Bank Negara should not loosen its new car loan guidelines as suggested by the Proton Edar Dealers Association of Malaysia (Pedar).
According to news reports, Peda claims that members’ income have been affected because with the new guidelines, only 30% of the potential car buyers have managed to secure hire-purchase loans.
However there are good reasons why the guidelines are needed and must continue to be implemented.
The Associations of Banks in Malaysia (ABM) has endeavoured to address the Consumers Association of Penang’s (CAP) concerns regarding Malaysia’s cyber security but unfortunately have left many queries unanswered. CAP believes it is necessary that we spell out our concerns clearly and in detail once more, so that they may be addressed appropriately; and we hope that relevant parties are able to explain things in a plain manner.
We would much appreciate it if those in charge could explain to us very specifically, what new measures will banks take to ensure our cyber security is iron clad. After all, vague explanations accompanied by declarations of repeating the same old security measures to combat new threats do not exactly incite consumer confidence.
Banks should be stopped from taking unfair advantage of borrowers with personal loans or fixed rate hire-purchase loans (of either the conventional or Islamic financing variety. )
These borrowers lose twice over because interest on the loans are calculated on a flat rate basis and rebates are calculated based on the Rule of 78.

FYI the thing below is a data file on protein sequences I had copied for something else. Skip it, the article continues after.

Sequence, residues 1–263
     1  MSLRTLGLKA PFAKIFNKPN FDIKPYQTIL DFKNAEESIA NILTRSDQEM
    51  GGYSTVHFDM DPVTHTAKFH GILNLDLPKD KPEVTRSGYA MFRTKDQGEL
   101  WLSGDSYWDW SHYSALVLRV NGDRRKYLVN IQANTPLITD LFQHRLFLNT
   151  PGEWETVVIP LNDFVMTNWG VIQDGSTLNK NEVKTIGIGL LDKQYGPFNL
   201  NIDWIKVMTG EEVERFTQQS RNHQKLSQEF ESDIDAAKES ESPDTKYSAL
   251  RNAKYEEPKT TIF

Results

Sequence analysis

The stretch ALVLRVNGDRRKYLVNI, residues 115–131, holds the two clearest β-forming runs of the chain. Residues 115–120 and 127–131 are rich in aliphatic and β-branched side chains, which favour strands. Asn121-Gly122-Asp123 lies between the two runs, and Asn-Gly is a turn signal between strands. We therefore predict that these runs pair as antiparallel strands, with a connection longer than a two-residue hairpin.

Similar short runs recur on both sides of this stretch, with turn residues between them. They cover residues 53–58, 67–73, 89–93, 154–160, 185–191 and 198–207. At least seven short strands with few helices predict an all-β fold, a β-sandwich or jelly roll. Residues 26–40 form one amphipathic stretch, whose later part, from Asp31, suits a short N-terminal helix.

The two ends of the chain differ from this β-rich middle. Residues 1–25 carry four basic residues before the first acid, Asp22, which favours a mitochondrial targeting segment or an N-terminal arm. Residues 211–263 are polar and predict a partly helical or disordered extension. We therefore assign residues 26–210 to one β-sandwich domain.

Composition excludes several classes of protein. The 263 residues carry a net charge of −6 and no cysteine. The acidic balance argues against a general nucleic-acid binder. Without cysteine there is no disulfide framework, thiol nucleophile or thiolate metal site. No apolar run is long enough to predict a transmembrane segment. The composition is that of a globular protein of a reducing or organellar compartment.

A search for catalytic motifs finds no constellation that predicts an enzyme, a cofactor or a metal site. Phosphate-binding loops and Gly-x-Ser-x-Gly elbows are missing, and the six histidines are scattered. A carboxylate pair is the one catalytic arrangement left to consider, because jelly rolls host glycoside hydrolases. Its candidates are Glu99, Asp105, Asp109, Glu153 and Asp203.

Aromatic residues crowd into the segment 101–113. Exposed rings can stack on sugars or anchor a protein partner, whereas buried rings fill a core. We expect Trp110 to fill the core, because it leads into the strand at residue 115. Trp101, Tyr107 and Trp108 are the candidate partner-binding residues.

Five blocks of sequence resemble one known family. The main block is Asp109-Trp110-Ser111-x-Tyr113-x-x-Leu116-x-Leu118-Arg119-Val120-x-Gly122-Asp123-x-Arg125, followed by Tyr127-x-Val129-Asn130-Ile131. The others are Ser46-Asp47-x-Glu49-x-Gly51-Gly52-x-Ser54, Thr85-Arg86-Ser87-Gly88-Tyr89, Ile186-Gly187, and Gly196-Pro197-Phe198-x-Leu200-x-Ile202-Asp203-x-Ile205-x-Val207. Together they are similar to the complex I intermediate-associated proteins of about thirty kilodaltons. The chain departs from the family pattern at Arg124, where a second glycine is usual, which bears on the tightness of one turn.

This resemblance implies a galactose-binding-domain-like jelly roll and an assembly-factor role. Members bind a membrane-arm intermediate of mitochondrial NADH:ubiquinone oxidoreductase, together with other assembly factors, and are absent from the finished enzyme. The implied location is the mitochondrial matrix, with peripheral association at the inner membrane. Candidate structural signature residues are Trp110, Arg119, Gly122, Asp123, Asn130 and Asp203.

The flat rate method charges interest on money which has already been repaid whilst the Rule of 78 penalizes those who repay early.
The Consumers Association of Penang is surprised not only by the fact that our government has given in to pressure so easily and allowed the service charge to remain, but also at the reason given as to why the charge is necessary. The statement made by the secretary-general of the Domestic Trade, Cooperatives and Consumerism, Datuk Seri Alias Ahmad, is that “the basic wages in some hotels is RM350.00” and that “potential employees will shy away from working in the industry if the take home pay is too low”.
The country’s household debt is high at 88% of the Gross National Product and with an average debt repayment ratio of around 44% (that means that 44% of the income goes to settling debts) Furthermore, as many as 55 people on average being declared bankrupt every day.
That means that many people have been unable or may soon be unable to pay their monthly instalments. With so many Malaysians in debts it makes sense to regulate the debt collection business.